There comes a time when you ask yourself what you want from a drawing. Should they be considered studies or accomplished pieces. There are traditions in art that put drawings behind paintings when considered as finished pieces. Hauptman’s medium of choice is drawing, they are not compliments to painting, but finished pieces of art.
Hauptman constructs drawings with symbolism that is both personal, and at times mysterious. It is however, always illuminating. She has a formal aesthetic that compliments the narrative aspects of her work, visually simulating the staged feel of a deguerrotype. Technically, her drawings drift into and out of existence on the page, with some forms congealing while others fade away. Conventional space is constantly being challenged, creating a collage feel to some of the drawings. Each of the forms in the drawings seem to work independently, despite their juxtaposition to one another, giving a symbolic importance to everything in the composition. Hauptman herself, as an element in the composition, adds another layer of complexity. The clothing, or lack there of, is often a good indication of the physic of the drawing. Her mannerisms are also definite, and suggestively relate to the dress up quality some of the drawings have. How she chooses to represent herself, is always thoughtful and interesting.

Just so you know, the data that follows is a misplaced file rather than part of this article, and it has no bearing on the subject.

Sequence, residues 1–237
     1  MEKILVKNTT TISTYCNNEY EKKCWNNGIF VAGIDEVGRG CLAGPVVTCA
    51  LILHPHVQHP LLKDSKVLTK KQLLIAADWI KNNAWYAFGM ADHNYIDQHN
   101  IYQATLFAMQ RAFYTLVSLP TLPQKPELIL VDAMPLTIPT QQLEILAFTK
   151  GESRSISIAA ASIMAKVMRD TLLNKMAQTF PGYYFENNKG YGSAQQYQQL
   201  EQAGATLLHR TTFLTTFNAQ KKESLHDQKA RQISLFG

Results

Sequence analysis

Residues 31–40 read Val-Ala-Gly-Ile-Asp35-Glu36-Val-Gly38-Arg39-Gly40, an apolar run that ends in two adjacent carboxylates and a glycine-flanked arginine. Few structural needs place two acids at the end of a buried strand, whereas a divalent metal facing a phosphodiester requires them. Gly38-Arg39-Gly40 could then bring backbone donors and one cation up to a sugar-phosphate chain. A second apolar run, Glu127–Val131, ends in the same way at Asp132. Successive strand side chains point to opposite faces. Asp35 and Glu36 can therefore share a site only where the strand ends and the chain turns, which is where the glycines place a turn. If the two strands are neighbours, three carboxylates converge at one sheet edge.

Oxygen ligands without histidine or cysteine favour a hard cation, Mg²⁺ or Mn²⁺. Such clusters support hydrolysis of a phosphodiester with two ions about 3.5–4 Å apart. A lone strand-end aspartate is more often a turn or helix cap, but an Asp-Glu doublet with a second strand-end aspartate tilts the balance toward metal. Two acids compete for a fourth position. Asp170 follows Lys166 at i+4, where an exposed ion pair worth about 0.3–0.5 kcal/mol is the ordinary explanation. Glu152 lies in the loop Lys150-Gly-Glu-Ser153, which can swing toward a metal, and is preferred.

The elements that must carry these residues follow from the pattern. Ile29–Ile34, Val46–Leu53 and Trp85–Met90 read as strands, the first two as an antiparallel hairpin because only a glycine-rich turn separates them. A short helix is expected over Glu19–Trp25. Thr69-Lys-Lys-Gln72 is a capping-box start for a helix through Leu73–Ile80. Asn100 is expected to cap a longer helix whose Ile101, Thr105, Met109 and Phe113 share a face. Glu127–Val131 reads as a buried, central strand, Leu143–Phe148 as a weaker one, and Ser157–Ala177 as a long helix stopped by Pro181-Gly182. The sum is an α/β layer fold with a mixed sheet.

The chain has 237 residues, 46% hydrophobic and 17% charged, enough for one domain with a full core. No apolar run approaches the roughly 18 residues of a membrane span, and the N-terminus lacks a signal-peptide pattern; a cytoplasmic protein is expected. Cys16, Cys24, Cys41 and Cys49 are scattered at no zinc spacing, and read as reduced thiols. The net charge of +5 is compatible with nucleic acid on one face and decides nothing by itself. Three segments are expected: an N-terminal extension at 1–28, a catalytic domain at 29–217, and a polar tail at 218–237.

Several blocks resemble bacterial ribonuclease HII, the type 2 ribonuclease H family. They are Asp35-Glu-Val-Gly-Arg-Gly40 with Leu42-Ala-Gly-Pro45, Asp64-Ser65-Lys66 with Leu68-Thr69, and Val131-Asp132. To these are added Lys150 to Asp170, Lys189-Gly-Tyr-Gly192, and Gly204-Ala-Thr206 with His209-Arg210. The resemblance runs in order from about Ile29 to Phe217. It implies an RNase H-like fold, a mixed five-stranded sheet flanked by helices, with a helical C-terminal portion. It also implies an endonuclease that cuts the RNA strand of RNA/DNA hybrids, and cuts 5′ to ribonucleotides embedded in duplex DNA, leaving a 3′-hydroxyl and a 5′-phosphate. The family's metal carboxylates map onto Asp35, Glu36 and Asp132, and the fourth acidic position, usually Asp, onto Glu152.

Reviews of Hauptman’s work are sometimes negative, usually highlighting the disassociated quality in some of them. A “new objectivity” label is placed on them, to fit them into some sub genre. This is possibly the result of taking the physical likeness of Hauptman, as the sole source for driving the content. A picture should always be looked at as a sum of its parts, and be engaged respectively. Hauptman’s work is so personal, that is less easily defined. This highlights another potential issue that is important to contemporary art, accessibility. Hauptman’s drawings are not stand offish, though they do require a little more effort to draw some conclusions about them. This should not however, deter the avid art appreciator, for there is much to be gained in analyzing her methods of expression.